Then there are fermentable fibers, they are broken down by gut bacteria, producing beneficial short chain fatty acids (SCFAs) like acetate, propionate, and butyrate. These fatty acids serve as an energy source for the cells lining your colon and may also offer various health benefits. Prebiotics, a special type of fermentable fiber, specifically boost good bacteria in the gut, aiding digestion and overall health. While all prebiotics are fermentable, not all fermentable fibers are prebiotics.

So, diversity in your fiber intake is key for a well-rounded approach to digestive health.

In our fast-paced world, where processed foods often dominate the menu, it is challenging to incorporate all these diverse fibers. With a meticulously crafted blend of 15 diverse fibers, Internal Sweep has been the trusted choice for many satisfied customers for over a quarter of a century. 

Want a simple solution? Consider adding Internal Sweep to your meals. Think of it as the body‘s detox squad, protecting you from toxic bile recirculation.  


Internal Sweep: A masterpiece in digestive wellness, contains not just one or two different plant fibers, but 15 different plant fibers all acting on different parts of your digestive system. The formula showcases soluble fiber like pectins, mucilages, and gums, bolstered by the strength of insoluble fiber, fermentable fiber, and prebiotic fiber.

Our commitment to your health is unparalleled. For over 25 years, the dedicated users of Internal Sweep have witnessed its unmatched benefits. Their unwavering trust stands as a testament to our consistent quality.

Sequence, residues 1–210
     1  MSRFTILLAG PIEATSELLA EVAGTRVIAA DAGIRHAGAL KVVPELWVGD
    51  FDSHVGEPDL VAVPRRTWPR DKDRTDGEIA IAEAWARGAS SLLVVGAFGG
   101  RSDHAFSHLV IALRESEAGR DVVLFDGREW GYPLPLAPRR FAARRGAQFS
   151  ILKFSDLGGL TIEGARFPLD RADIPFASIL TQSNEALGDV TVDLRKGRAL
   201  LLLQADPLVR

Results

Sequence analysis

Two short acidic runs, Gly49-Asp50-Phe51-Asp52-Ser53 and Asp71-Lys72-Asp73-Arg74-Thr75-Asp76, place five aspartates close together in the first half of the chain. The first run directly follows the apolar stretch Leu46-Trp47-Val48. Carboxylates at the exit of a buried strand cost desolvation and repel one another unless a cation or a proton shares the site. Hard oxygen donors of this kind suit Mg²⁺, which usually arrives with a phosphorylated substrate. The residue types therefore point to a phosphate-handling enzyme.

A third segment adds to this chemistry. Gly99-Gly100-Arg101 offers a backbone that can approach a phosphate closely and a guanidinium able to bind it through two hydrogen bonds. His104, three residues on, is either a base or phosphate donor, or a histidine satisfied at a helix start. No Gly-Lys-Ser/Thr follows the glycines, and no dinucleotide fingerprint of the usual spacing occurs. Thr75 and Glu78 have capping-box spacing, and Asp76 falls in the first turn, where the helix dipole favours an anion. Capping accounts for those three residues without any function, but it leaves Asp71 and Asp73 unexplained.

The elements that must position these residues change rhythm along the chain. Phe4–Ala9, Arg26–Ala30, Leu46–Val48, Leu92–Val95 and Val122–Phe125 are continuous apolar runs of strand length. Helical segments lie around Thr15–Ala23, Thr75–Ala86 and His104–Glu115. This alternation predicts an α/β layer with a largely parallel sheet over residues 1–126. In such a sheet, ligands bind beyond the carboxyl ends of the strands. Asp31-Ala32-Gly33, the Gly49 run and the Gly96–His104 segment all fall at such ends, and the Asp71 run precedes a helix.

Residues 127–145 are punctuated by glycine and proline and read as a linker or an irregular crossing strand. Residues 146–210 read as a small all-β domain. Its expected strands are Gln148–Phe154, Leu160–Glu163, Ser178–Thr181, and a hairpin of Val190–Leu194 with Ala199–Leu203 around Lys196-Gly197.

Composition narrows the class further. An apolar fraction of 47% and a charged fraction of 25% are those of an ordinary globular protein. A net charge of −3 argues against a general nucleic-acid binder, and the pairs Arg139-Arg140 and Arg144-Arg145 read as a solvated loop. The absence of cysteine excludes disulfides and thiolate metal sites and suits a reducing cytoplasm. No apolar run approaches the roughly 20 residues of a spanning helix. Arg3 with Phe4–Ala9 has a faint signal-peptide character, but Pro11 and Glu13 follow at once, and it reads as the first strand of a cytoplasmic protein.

Formulating Internal Sweep was no small feat. Balancing the multitude of beneficial ingredients required extensive research and precision. Furthermore, manufacturing such a diverse blend without compromising on its efficacy demonstrates our expertise and commitment to quality.

Choose Internal Sweep – a culmination of dedication, science, and craftsmanship, endorsed by countless satisfied customers.

15 plant fibers in Internal Sweep.

  • Psyllium Husk: Primarily contains soluble fiber and it is partially fermentable.
  • Flax Seed: Contains both soluble and insoluble fibers, and it is partially fermentable.
  • Fructooligosaccharides (FOS): They act as soluble fiber as well as highly fermentable fiber. Also functions as prebiotic fiber, promoting the growth of beneficial gut bacteria. 
  • Guar Gum: It's a soluble fiber derived from the guar plant, and it is fermentable.
  • Citrus Pectin: Pectin is a soluble fiber found in the cell walls of fruits and vegetables, and it is fermentable.
  • Grapefruit Pectin: This soluble fiber comes from grapefruits, and it is fermentable.
  • Slippery Elm Bark: The inner bark contains mucilage, which can act similarly to soluble fiber.
  • Irish Moss: This is a type of seaweed that contains mucilaginous compounds, which can act similarly to soluble fiber.
  • Alfalfa Leaf: Contains both soluble and insoluble fiber.
  • Marshmallow Root: Like slippery elm, marshmallow root contains mucilage, which can have effects similar to soluble fiber in the digestive system.
  • Fennel Seed: Contains both soluble and insoluble dietary fiber.
  • Dandelion Root: Primarily contains insoluble fiber
  • Pumpkin Seed: Contains both soluble and insoluble dietary fiber.
  • Fenugreek Seed: Contains both soluble and insoluble dietary fiber, but they are particularly rich in soluble fiber. The soluble fiber in fenugreek seeds is primarily in the form of galactomannan, a type of polysaccharide.
  • Peppermint Leaf:  Primarily contains insoluble fiber.